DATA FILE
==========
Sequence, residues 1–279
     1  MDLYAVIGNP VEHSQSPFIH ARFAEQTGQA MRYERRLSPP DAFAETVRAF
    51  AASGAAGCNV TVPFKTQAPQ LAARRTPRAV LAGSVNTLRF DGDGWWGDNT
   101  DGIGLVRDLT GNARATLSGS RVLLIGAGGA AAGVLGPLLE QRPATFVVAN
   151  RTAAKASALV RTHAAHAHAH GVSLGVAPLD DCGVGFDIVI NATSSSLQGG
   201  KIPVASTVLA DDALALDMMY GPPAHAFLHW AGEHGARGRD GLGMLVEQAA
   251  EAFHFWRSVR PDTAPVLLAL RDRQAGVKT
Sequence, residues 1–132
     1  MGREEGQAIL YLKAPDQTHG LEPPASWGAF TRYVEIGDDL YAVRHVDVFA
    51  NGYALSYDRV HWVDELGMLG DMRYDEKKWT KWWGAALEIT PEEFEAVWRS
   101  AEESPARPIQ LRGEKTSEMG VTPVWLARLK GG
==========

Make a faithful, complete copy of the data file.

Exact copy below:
Sequence, residues 1–279
     1  MDLYAVIGNP VEHSQSPFIH ARFAEQTGQA MRYERRLSPP DAFAETVRAF
    51  AASGAAGCNV TVPFKTQAPQ LAARRTPRAV LAGSVNTLRF DGDGWWGDNT
   101  DGIGLVRDLT GNARATLSGS RVLLIGAGGA AAGVLGPLLE QRPATFVVAN
   151  RTAAKASALV RTHAAHAHAH GVSLGVAPLD DCGVGFDIVI NATSSSLQGG
   201  KIPVASTVLA DDALALDMMY GPPAHAFLHW AGEHGARGRD GLGMLVEQAA
   251  EAFHFWRSVR PDTAPVLLAL RDRQAGVKT
Sequence, residues 1–132
     1  MGREEGQAIL YLKAPDQTHG LEPPASWGAF TRYVEIGDDL YAVRHVDVFA
    51  NGYALSYDRV HWVDELGMLG DMRYDEKKWT KWWGAALEIT PEEFEAVWRS
   101  AEESPARPIQ LRGEKTSEMG VTPVWLARLK GG